Thursday, October 15, 2009

Letter to Pelican Press: "Caution Urged Over Flu Vaccine":


An unprecedented mass-vaccination campaign is under way for seasonal flu and H1N1 "swine flu." Sarasota residents have good reason to inform themselves not only about the risks of the flu, but also about the hazards associated with the flu vaccines themselves.

Many credible medical and scientific experts are stating publicly their informed opinion that the vaccines have not been properly tested, and additionally, that the vaccines themselves may in fact be more dangerous than the H1N1 swine flu virus itself.

One need look no further than the FDA-approved vaccine package inserts to understand why these experts are raising the alarm. For example, each of the four vaccines approved to date (three injectable, one intranasal) are classified as "Pregnancy Category C" drugs, and Section 8.1 in each of the package inserts states that it is not known whether the influenza vaccine can cause harm to the fetus or affect reproduction capacity; additionally, it is not known whether influenza viruses from vaccines are excreted in human milk.

In spite of this clear acknowledgement that the influenza vaccines have not been proven to be safe for pregnant women, it is pregnant women who are being targeted by the Centers for Disease Control & Prevention (CDC) for the very first batches of vaccines, right behind health care workers!

Shockingly, 60 percent of the H1N1 vaccines also contain thimerasol, used as an inexpensive preservative in vaccines. Thimerosal contains ethyl-mercury, a documented and dangerous neurotoxin. Developed in the 1930s and marketed by Eli Lilly, thimerosal has never been tested using modern safety standards. Thimerosal-containing flu vaccines contain mercury 250 times above the levels identified as a hazardous waste. Unused flu vaccine should be returned to the manufacturer for appropriate disposal.

It is inconsistent and unwise to counsel pregnant women to avoid seafood, which contains mercury, while recommending vaccines containing mercury.

The first H1N1 vaccine to arrive here will be the intranasal version, FluMist, according to Sarasota County public health officials. FluMist is also controversial, however, because it contains live, attenuated virus, which may "shed" live virus, thereby potentially spreading H1N1 virus. The FDA-approved package insert states, in section 17.2, "Vaccination with a Live Virus Vaccine":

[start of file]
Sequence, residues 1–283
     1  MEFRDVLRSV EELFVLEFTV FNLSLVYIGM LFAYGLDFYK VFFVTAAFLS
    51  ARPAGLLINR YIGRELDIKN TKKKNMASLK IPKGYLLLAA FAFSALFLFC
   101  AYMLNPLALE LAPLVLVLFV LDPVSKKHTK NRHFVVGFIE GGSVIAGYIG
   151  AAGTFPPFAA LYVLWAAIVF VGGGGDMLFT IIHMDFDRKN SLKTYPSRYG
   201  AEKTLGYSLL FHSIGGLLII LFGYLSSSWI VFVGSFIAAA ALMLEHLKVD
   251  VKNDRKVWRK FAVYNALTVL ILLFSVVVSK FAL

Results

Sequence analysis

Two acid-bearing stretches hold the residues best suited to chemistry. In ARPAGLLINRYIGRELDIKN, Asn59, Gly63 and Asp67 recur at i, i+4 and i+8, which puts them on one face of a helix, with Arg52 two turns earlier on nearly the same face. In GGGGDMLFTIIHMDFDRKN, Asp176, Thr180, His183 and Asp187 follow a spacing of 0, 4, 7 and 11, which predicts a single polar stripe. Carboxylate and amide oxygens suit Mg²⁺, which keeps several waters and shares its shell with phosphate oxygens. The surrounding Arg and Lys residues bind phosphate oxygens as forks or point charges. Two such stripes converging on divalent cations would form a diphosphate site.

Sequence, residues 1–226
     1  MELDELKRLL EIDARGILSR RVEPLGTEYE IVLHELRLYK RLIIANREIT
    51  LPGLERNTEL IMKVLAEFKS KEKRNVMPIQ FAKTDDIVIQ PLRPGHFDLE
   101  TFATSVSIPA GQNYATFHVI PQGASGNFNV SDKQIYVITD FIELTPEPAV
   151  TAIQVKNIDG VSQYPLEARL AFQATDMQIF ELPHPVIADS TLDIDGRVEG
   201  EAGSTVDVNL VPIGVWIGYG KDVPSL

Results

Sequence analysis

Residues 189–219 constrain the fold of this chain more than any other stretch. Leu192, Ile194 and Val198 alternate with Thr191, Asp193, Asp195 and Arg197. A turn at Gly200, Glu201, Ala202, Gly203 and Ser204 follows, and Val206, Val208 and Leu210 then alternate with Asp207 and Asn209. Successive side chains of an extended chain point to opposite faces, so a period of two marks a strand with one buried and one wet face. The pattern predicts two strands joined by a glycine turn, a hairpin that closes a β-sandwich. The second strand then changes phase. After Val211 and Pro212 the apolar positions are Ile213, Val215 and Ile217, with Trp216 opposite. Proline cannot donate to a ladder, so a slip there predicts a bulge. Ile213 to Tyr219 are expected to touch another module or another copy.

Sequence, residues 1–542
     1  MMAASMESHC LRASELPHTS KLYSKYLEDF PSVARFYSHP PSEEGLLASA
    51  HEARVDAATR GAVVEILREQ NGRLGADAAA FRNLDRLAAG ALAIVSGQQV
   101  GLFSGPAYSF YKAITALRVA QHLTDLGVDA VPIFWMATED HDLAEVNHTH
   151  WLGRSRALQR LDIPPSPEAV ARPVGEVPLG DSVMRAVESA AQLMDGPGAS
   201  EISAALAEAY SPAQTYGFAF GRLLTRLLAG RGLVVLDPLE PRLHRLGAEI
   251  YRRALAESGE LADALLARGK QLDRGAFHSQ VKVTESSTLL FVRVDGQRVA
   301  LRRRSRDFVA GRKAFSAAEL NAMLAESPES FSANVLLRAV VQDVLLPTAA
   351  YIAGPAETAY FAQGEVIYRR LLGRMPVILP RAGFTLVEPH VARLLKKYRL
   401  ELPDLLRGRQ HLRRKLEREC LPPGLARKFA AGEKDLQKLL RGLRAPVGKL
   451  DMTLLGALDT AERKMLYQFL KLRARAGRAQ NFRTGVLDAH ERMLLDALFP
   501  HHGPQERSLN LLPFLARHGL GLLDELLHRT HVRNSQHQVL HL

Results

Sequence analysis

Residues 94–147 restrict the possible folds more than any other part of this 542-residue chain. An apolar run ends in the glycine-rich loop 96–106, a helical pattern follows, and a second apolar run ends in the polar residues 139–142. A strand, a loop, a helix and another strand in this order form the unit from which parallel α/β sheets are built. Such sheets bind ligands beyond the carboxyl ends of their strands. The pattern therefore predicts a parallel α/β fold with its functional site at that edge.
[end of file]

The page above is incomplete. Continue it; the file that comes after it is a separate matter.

"Vaccine recipients or their parents/guardians should be informed by the health care provider that Influenza A (H1N1) 2009 Monovalent Vaccine Live, Intranasal is an attenuated live virus vaccine and has the potential for transmission to immunocompromised household contacts."

ABC TV-7 in Denver reported Oct. 5 that several Denver-area hospitals won’t be accepting the FluMist vaccine because they don’t want their health care workers to risk infecting patients with the H1N1 swine flu virus shed by the vaccine itself.

Dr. Kent Holtorf, infectious disease expert and founder of Holtorf Medical Group, stated on FOX-TV in late September 2009, that he has more concern about the vaccine than he does about the swine flu itself, and that it’s been rushed to market.

He told FOX-TV host Gregg Jarrett, "I also worry about children, pregnant women, chronic neurological illnesses, and chronic fatigue syndrome and fibromyalgia. I’ve seen people been [sic] devastated by these vaccines. When asked by Jarrett, "All right ... would you give it to your kids?" Dr. Holtorf replied, "I definitely would not."

These are just a few of the many reasons why I, and many others, intend to boycott the shot. Read the FDA vaccine package inserts, available online at, ask questions, and decide for yourself.

Jason Boehk
Sarasota for Vaccination Choice

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